How will QAHCs be taxed differently from other companies?

The main tax implications of a company being classified as a QAHC are set out below. There are also minor modifications to the corporation tax rules for such companies, such as switching off the late paid interest and deeply discounted securities rules in relation to debits arising on debtor relationships entered into by the QAHC for the purpose of its ring-fenced business.

Capital gains

QAHC’s gains are exempt from corporation tax on the disposal of overseas land and shares in UK or non-UK companies that do not derive at least 75% of their value from UK land. There is no maximum or minimum level of shareholding the QAHC needs to have in such companies.

Overseas property income

Income arising from an overseas property business (within the meaning of Ch 3, Pt 4, Corporation Tax Act 2009 (CTA 2009)) is tax exempt if it is subject to a tax equivalent to UK corporation tax or income tax in an overseas jurisdiction and is not exempt or subject to a nil rate in that jurisdiction.

In addition, any profits arising from loan relationships or derivative contracts entered into for the purposes of such a business are not taxable.

There are no special rules for the taxation of dividends received by QAHCs, but they can take advantage of the exemption regime in Pt 9A, CTA 2009.

Treatment of certain payments made by QAHCs

Certain payments to shareholders that the QAHC is party to for the purpose of its ‘ring-fenced’ business (broadly, that on which it is exempt from tax) are not to be treated as distributions and therefore are not subject to dividend tax rates.

Those payments are amounts normally treated as distributions under condition B, C or D of s1015, CTA 2020 or as non-commercial securities under s1005, CTA 2010. Furthermore, these payments are tax-deductible for the QAHC, even where another jurisdiction treats the receipt of those payments as dividends.

In most cases, any premium paid by a QAHC when it buys back its own shares will be treated as a repayment of capital rather than an income distribution in the hands of a UK investor. There are exceptions such as where the shares constitute ‘qualifying employment-related securities’ or the investor is a non-category A investor acquiring shares that bring the total relevant interests held by such investors above the 30% threshold.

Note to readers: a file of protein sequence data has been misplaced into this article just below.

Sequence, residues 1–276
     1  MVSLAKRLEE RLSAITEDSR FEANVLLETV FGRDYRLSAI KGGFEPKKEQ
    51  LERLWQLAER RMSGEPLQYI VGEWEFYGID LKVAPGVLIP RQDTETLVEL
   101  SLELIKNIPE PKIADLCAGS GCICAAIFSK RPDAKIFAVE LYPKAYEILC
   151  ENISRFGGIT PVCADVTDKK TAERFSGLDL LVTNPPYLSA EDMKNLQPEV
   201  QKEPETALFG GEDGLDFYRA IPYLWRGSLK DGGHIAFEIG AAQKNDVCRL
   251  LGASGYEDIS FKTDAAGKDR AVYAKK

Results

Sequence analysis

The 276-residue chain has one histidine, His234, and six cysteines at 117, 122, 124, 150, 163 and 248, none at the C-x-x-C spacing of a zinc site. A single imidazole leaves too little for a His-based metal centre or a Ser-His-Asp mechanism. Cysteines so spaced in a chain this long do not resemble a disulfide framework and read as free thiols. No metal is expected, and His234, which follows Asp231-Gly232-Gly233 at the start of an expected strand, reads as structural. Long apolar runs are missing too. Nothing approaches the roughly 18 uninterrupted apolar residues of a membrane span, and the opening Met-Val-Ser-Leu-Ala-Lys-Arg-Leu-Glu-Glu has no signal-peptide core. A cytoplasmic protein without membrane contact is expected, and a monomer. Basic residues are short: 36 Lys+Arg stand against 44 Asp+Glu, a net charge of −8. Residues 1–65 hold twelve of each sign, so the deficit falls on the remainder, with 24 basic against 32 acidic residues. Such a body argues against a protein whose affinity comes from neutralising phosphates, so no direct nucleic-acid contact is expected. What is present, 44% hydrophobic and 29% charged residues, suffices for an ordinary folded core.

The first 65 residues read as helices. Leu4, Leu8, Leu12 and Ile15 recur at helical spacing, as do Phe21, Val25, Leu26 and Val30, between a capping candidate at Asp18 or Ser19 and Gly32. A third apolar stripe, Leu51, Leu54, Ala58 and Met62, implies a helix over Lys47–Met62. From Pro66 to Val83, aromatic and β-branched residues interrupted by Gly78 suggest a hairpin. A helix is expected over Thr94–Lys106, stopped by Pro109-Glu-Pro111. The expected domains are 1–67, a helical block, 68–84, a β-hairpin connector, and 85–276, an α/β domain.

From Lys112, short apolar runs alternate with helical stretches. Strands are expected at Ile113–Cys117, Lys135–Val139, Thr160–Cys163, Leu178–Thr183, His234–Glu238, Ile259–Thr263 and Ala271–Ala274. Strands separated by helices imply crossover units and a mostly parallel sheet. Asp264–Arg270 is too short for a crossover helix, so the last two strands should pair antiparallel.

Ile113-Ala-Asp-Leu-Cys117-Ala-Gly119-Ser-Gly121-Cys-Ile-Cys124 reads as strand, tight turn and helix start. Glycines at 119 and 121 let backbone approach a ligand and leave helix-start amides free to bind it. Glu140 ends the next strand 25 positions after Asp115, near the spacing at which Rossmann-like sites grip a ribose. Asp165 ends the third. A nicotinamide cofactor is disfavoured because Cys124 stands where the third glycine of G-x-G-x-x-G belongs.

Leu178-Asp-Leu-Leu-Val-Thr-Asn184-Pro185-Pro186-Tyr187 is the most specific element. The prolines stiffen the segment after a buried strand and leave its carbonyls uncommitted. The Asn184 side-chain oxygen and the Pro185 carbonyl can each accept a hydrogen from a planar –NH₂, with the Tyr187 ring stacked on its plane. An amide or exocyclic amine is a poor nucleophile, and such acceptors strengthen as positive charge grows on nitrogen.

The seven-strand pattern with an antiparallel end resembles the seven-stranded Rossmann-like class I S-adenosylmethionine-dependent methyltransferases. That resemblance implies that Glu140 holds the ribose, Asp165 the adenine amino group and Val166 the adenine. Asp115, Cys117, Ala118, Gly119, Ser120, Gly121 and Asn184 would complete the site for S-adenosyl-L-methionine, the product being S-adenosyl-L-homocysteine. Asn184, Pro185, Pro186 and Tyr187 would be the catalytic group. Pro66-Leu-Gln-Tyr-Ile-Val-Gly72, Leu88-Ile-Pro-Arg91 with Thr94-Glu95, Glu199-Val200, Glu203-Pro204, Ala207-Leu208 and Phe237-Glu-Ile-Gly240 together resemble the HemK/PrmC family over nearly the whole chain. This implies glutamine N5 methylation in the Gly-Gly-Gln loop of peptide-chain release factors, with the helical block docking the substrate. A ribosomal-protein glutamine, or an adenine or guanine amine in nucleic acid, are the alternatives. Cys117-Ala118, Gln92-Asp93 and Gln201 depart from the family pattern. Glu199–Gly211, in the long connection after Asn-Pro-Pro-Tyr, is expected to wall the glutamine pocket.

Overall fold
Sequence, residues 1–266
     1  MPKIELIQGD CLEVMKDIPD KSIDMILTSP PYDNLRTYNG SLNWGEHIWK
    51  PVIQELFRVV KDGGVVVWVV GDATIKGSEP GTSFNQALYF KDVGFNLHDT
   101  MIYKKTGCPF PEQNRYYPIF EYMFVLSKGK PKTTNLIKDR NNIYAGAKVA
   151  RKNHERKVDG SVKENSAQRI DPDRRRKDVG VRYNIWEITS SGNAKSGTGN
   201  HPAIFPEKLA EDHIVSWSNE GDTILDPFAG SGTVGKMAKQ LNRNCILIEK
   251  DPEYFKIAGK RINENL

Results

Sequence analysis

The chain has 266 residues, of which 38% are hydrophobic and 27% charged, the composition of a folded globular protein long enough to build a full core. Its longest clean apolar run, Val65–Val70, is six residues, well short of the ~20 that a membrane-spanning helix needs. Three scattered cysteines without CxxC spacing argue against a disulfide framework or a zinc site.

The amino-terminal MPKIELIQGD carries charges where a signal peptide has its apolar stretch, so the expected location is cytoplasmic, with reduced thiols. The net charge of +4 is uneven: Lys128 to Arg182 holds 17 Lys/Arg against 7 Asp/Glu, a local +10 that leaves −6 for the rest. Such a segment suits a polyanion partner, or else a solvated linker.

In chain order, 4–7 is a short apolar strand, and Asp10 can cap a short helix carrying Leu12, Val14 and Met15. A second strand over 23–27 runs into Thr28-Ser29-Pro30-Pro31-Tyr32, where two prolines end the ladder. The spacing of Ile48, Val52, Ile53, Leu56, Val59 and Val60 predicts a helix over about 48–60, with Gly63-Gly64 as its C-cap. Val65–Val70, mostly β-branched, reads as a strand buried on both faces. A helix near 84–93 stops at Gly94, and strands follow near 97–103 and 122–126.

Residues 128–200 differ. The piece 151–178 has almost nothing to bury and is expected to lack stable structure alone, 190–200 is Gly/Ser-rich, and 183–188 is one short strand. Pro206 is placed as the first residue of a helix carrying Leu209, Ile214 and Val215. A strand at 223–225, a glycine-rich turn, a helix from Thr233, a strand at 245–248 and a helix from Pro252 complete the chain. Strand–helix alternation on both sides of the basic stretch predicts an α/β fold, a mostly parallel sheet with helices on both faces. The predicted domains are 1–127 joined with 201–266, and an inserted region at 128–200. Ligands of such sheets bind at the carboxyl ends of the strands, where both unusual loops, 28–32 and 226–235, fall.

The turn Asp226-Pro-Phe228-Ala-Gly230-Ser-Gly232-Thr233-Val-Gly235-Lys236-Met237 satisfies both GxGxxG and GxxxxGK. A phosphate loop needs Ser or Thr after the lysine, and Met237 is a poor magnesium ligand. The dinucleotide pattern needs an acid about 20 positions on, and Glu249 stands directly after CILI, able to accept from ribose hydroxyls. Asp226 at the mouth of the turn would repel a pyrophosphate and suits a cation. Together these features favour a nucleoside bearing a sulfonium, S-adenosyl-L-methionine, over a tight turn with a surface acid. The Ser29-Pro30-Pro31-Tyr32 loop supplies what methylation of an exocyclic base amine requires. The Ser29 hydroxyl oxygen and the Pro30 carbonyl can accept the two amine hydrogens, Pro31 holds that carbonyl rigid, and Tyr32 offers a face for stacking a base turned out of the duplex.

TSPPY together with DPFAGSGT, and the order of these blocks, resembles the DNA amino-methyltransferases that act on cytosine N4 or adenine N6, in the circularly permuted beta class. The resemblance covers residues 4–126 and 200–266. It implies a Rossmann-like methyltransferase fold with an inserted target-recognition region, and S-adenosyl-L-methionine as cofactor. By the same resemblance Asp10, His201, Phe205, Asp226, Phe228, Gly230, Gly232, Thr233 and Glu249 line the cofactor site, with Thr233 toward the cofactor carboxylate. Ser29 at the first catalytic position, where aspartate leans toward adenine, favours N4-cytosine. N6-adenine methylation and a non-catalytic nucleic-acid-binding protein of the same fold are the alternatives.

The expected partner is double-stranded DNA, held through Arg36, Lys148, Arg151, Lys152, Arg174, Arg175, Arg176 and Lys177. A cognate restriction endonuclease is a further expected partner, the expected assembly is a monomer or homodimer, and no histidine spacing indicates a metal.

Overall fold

Repurchases of shares and loan capital by a QAHC will also be exempt from all stamp duties where the repurchase does not form part of a ‘disqualifying arrangement’ or take place at a time when there is an arrangement for the disposal of at least 90% of relevant interests in the QAHC. This broadly prevents the exemption from being used to avoid the stamp duty that would have been payable had the repurchased shares been transferred to another party.

Interest income, distributions and gains realised on the disposal of shares in a QAHC by non-UK domiciled individuals will be treated as relevant foreign income or gains. This is to the extent that these amounts are made out of foreign income or gains of the QAHC (determined on a just and reasonable basis). The individual must also have provided investment management services in connection with the QAHC’s investment arrangements (for income) or in relation to disposal arrangements (for gains).

Income tax will not need to be withheld at source on payments of yearly interest under s874, Income Tax Act 2007 by a QAHC, however the interest arises. This means, in particular, that shareholders in a QAHC will be able to receive gross interest payments from the company.

Conclusion

By reducing the level of tax leakage that can occur, commentators agree that these changes should make a positive impact on the attractiveness of the UK as a location for intermediate holding companies for institutional investors.

About the author

Richard Jones, Business Tax Manager, Tax Faculty